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BACKGROUND: Peer-assisted learning has advantages for students and tutors. AIMS: We aimed to establish a novel 'near-peer' teaching scheme delivered by junior doctors for final-year medical students in Southeast Scotland. We report feedback from students regarding the perceived utility of this scheme, the results of a randomized controlled trial (RCT) of its impact, and mechanisms for quality assurance and sustainability. METHODS: The scheme was devised by newly qualified doctors. Following open recruitment and tutor training, junior doctor-led sessions were provided on clinical examination and practical prescribing in 2006-2008. Feedback was sought using anonymized questionnaires. An RCT was performed to assess the effect of attendance at a prescribing tutorial on performance in a mock assessment. RESULTS: Of 271 students in 2006-2007, 234 (86%) completed voluntary feedback and 233 (99%) expressed interest in attending more tutorials. In the RCT, students who received a tutorial made fewer dosing errors (9 vs. 22, p = 0.049). The majority of tutors attending the training symposium felt the experience was useful and helped prepare them for teaching. CONCLUSION: 'Near-peer' teaching is a popular adjunct to the undergraduate programme and may promote junior doctors' professional development. Such schemes can be devised and delivered by juniors in conjunction with university staff.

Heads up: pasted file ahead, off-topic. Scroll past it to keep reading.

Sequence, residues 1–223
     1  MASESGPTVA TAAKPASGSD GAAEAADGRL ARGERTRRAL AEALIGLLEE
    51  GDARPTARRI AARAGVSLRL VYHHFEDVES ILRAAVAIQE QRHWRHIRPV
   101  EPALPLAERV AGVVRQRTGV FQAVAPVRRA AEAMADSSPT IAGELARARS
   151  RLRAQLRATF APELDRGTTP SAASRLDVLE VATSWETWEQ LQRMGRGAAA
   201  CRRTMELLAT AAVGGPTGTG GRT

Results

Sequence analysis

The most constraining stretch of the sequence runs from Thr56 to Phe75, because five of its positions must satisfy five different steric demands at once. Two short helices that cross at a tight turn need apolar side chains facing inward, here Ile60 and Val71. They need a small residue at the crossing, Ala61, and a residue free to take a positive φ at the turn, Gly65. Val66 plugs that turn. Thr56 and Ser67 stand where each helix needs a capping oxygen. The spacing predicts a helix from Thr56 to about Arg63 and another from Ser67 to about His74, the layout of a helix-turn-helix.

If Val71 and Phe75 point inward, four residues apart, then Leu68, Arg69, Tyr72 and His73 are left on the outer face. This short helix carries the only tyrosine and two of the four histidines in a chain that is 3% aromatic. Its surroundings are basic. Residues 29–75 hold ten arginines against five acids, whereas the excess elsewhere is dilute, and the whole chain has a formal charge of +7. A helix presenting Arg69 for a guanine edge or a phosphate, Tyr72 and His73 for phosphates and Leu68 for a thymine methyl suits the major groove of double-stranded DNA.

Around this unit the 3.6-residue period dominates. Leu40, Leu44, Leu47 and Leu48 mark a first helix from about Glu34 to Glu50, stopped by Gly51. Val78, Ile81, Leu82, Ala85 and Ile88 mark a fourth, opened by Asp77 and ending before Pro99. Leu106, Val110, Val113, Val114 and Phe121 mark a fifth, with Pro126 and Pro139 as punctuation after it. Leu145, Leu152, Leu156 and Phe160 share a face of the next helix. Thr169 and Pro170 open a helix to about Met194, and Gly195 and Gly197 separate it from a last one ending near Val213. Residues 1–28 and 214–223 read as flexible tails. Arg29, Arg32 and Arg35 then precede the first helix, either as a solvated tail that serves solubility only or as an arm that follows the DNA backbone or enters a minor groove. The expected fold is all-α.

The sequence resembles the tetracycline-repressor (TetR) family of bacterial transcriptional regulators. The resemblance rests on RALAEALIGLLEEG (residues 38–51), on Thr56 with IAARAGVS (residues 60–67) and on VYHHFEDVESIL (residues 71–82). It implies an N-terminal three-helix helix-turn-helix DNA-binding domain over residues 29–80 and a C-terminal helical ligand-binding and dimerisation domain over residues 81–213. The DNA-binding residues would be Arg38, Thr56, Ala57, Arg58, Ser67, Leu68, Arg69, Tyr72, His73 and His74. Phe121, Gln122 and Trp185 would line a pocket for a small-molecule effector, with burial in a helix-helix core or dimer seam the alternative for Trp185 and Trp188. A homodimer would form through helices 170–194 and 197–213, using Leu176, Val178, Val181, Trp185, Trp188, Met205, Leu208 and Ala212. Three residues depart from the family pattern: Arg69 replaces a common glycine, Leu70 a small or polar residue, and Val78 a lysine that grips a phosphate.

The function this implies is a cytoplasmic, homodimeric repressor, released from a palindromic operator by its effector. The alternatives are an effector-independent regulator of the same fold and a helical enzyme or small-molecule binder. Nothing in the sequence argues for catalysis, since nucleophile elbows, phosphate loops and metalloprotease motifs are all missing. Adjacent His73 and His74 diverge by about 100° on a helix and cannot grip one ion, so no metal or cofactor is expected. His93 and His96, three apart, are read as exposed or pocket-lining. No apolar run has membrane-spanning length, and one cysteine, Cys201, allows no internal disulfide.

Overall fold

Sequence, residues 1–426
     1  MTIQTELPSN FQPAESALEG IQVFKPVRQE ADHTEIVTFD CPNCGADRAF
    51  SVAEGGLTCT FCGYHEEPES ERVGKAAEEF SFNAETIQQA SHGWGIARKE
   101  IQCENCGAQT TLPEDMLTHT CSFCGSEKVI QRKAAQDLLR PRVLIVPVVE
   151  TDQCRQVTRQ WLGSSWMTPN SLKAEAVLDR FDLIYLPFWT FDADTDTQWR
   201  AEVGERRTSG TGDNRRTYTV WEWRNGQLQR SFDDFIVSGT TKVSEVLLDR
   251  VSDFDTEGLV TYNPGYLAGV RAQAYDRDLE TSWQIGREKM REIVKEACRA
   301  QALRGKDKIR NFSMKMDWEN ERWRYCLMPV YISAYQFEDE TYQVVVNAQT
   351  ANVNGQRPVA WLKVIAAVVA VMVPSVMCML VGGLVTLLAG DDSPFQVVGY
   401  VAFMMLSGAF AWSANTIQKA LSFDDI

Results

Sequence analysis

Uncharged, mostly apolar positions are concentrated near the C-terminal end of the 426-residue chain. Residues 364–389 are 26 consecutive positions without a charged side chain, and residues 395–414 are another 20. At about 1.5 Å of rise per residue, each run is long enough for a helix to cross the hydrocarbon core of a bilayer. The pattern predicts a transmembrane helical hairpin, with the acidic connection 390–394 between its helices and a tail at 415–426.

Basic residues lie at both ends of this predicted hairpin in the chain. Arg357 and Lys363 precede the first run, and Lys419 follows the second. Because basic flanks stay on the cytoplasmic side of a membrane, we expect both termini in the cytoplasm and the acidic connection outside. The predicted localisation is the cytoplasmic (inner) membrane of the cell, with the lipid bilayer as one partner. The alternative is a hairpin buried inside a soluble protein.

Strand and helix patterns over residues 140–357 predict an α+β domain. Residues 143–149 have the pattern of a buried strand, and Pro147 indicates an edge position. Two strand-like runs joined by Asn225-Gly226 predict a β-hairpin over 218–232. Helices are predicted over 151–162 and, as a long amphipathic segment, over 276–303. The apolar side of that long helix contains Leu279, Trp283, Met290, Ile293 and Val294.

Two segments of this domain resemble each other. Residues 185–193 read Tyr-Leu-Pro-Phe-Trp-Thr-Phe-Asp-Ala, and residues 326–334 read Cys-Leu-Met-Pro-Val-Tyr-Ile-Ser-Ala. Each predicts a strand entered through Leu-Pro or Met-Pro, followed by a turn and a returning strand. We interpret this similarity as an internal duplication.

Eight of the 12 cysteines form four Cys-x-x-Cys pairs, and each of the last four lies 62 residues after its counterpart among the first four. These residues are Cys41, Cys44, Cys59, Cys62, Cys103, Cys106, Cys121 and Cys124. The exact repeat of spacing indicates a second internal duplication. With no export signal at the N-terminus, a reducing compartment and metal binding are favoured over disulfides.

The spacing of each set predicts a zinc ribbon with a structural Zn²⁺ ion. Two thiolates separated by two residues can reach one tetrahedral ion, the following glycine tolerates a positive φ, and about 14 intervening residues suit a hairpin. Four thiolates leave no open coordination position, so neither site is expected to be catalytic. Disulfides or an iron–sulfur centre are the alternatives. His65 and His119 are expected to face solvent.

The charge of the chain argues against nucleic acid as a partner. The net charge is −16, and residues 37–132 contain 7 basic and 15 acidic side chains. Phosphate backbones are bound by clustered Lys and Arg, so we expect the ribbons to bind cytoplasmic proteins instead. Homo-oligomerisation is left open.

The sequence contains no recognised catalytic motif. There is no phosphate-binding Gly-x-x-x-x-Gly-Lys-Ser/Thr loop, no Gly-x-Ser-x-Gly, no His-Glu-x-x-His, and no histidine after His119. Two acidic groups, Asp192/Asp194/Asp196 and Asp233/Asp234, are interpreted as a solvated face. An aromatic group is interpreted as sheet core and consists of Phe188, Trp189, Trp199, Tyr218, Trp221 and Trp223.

Original publication




Journal article


Med teach

Publication Date





e51 - e57


Clinical Competence, Curriculum, Feasibility Studies, Humans, Medical Staff, Hospital, Peer Group, Pilot Projects, Program Evaluation, Scotland, Surveys and Questionnaires, Teaching